We are expanding! Check out our programming while the museum is closed.

Letter from the Director: Autumn 2008

Hood Quarterly, autumn 2008
Brian Kennedy, Director

At a reception for sophomore parents recently, the group discussed why Dartmouth has an art museum. Some people felt that it was to display the wonderful collections, others to support a liberal arts curriculum. But we all agreed that the museum provides essential support for visual literacy. While our society has developed an educational model that serves well our needs to read and write, count and compute, it is not so strong in the skills of looking at, seeing, describing, and interpreting objects (and, by extension, our visual world). We all accept that a book must be read from beginning to end, which obviously takes time. We do not feel the same way about visual images, which we assume can be “read” much more quickly. The Hood Museum of Art’s programs and activities are devoted to helping students, teachers, and our community of visitors to explore this contradiction, and to take the time to learn to read images such as the ones on view at the Hood this fall.

European Art at Dartmouth, our major exhibition, is the second collection highlights show in a series of four begun last year with American Art at Dartmouth. Bart Thurber, Curator of European Art, has prepared a scholarly catalogue of highlights from the Hood’s collections. These works tell a story of artistic change and development in Europe from the Renaissance to the twentieth century. The Hood’s extensive European collections have been built with support from extraordinary donors through gifts of works of art and endowment funds, in particular Jean and Adolph Weil Jr., Class of 1935, Jane and W. David Dance, Class of 1940, and Barbara Dau Southwell, Class of 1978, and David Southwell, Tuck 1988. We are truly grateful to them, and to all who continue to support the Hood, especially through our relaunched membership program.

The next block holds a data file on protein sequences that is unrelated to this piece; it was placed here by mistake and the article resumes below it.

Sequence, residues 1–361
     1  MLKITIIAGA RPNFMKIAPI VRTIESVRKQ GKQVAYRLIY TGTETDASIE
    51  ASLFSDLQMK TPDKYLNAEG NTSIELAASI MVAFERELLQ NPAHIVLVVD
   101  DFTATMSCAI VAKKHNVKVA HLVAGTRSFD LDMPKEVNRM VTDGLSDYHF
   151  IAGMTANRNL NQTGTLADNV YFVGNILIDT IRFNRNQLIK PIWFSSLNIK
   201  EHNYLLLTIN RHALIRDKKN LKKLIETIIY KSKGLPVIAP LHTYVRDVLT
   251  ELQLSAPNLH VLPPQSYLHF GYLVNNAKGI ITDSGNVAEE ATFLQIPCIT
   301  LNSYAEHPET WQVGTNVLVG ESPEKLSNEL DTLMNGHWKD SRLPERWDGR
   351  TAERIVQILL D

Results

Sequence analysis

Philip Greene’s gift of works by California watercolorists from the late 1920s through the 1950s is on display in the Harrington Gallery. We are very pleased to have such fine examples in a New England museum, bringing eastward the traditions and history of this great western state in a generous act of transnational celebration.

Immanence and Revelation: The Art of Ben Frank Moss ushers in a new series. The Hood Museum of Art has cherished its relationship with the Studio Art Department over the years, and we now wish to formally honor our art professors by providing an opportunity for the community to more fully engage with their art. We are also making acquisitions of a key work from each of them. Ben Moss’s exhibition and its accompanying publication present an artist of great poetry who explores earthly beauty in search of universal truths.

The museum staff joins with me in wishing every success to Barbara Thompson as she moves on to become Curator of African and Native American Art at Stanford University. Her six years at the Hood have seen a joyous succession of acquisitions, exhibitions, and publications related to the African, Oceanic, and Native American collections. Her groundbreaking show Black Womanhood has begun its national tour at Wellesley College, after which it will travel to the San Diego Museum of Art and Spelman College in Atlanta.

In This Issue:

Categories: 
Close
Hood Museum